Riding the wrong way in a bike lane: Why it's illegal – and why people still do it

"It's a little annoying," says one Saskatoon cyclist. "It isn't best practice," says another. But here's what you should know, legally, about biking the wrong way in a protected bike lane.

Convenience is the top reason cited, but some cyclists don't know it could net them a ticket

Saskatoon cyclists on people who bike the wrong way in protected, single-lane bikeways 2:03

You might have seen someone do it, or done it yourself:

You're riding in downtown Saskatoon in one of the city's protected one-way bike lanes when you spot another cyclist approaching you from the opposite direction — in the same lane.

"It's a little annoying," said Sasha Kisin while riding in the 4th Avenue and 23rd Street protected lanes — in the right direction — Saturday.

"It isn't best practice," added Cathy Watts, the co-chair of biking advocacy group Saskatoon Cycles. "They're not wide enough to be doing any passing much."

It's also illegal.

According to Saskatchewan Government Insurance, which administers the Traffic Safety Act, bikes are considered vehicles — just like cars — and so must go with the flow of traffic.

A directional sign on the right-side protected bike lane on 4th Avenue. (Guy Quenneville/CBC News)

"Even though they're in a bike lane, they should be travelling in the same direction as traffic would be," said Marie Schultz, an SGI spokesperson.

The Saskatoon Police Service says a person doing it could be charged under the (somewhat hazily worded) 17th section of Saskatoon's Bicycle Bylaw 6884:

(City of Saskatoon)

"Our officers agree that it is a violation to travel against the flow of traffic in a bike lane," said police spokesperson Alyson Ewards.

But Watts of Saskatoon Cycles raises a more important question.

"We have to look at the behaviour and try to question why they're doing that," she said.

'There's no one coming, I'll go'

Cyclists CBC News spoke to said they do it out of convenience.

"Well, if I'm just going a block or so in a certain direction and there's no one in the thing, in the lane there, and I can see, I just go down there because it's open, right?" said an unrepentant Diarmid McLauchlan.

Diarmid McLauchlan says he bikes the wrong way as long as the lane is clear. (Guy Quenneville/CBC News)

"I'm very aware that it's going the wrong way," he continued. "It's not for long. It's just because I know I'm going a certain way through town and instead of waiting for the light or stuff like that, I go, hold on, there's no one coming, I'll go."

Chandra Groves, who admitted to doing it too — though "I didn't feel great about it" — also cited convenience.

Chandra Groves said she has done it out of convenience. (Guy Quenneville/CBC News)

"It was just circumstantially to kind of kitty-corner cut across and get on the road as quick as possible," she said. "But yeah I wouldn't prefer it."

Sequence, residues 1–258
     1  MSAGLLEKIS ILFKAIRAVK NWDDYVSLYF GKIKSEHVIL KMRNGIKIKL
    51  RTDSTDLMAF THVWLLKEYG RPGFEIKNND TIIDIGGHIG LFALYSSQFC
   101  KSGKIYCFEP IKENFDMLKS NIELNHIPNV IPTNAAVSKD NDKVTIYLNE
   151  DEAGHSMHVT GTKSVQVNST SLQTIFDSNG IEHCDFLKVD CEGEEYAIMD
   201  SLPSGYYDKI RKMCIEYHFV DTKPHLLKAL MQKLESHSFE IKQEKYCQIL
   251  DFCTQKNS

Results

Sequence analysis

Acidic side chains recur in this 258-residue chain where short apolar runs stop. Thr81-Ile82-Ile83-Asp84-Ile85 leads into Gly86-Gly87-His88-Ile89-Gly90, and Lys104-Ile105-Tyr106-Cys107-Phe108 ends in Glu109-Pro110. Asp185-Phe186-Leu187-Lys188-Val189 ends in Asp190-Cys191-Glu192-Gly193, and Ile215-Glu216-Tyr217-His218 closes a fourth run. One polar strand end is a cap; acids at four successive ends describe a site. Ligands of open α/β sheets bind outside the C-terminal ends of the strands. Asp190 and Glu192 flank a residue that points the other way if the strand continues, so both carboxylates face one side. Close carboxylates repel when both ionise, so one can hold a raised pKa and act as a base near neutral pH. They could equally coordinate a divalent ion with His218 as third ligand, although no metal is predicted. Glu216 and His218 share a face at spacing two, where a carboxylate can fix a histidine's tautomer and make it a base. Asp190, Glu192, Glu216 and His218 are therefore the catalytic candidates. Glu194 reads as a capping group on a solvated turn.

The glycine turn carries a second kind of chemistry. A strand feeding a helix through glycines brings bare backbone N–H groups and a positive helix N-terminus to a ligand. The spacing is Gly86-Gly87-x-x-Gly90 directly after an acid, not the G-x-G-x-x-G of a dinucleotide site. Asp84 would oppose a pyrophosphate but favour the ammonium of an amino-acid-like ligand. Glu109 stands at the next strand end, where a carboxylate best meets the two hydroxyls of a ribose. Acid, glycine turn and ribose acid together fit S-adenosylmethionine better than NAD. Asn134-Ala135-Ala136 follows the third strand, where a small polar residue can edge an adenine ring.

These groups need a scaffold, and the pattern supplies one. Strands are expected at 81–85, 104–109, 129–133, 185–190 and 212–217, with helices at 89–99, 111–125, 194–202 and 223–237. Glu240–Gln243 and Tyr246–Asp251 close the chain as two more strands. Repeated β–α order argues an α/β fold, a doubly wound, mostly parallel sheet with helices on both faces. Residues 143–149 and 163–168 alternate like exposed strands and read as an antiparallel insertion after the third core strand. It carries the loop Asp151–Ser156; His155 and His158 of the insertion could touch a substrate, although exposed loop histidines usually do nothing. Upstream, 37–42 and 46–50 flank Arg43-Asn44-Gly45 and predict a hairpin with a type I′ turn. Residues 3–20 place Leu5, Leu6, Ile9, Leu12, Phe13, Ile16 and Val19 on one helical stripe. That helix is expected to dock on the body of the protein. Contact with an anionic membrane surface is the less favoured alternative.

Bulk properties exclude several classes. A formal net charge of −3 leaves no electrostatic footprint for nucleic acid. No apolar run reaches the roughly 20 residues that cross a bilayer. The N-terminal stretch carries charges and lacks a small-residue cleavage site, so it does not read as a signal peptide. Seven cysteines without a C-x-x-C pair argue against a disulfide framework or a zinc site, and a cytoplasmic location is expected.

Kisin has his own theory.

"It's a little annoying," says rider Sasha Kisin. (Guy Quenneville/CBC News)

"I think it's just so they can see the traffic coming toward them instead of them coming behind," he said. "I know when I'm on a grid road sometimes I will do that just because it's hard to hear [cars] coming from right behind you."

Directions are clear-cut: city

Watts wonders whether the design of the protected lanes on 4th Avenue and 23rd Street — which are pilot projects at this point — might need some design tweaking.

She did not offer any specific suggestions, however, though she did admiringly cite the two-way, side-by-side lanes seen in larger cities like Vancouver.

"The place that works the best is when you absolutely know where you're supposed to be," she said.

But according to Mark Rogstad, Saskatoon's director of media relations, the information put out by the city is pretty unambiguous on that subject.

A diagram from the City of Saskatoon. (City of Saskatoon)

"I would note though [that] diagrams and the video we have… suggest moving in the same direction as motor vehicle traffic," he said.

Few of the cyclists CBC News spoke to knew biking the wrong way was illegal and could net them a ticket.

But Edwards, the police spokesperson, said, "Anecdotally I am told the charge is not laid often."

McLauchlan didn't seem too worried.

"Oh I'm sure it's totally illegal," he said. "But I'm an old biker who used to go all over the place all of the time. So let's be real.

"It's the spirit of the law, shall we say, as opposed to the letter."


  • A previous version of this story incorrectly spelled Cathy Watts as Cathy Walsh.
    Jul 24, 2017 11:08 AM CT

About the Author

Guy Quenneville

Reporter and web writer for CBC Saskatoon

Story tips, ideas, complaints, just want to say 'Hi'? Write me at


To encourage thoughtful and respectful conversations, first and last names will appear with each submission to CBC/Radio-Canada's online communities (except in children and youth-oriented communities). Pseudonyms will no longer be permitted.

By submitting a comment, you accept that CBC has the right to reproduce and publish that comment in whole or in part, in any manner CBC chooses. Please note that CBC does not endorse the opinions expressed in comments. Comments on this story are moderated according to our Submission Guidelines. Comments are welcome while open. We reserve the right to close comments at any time.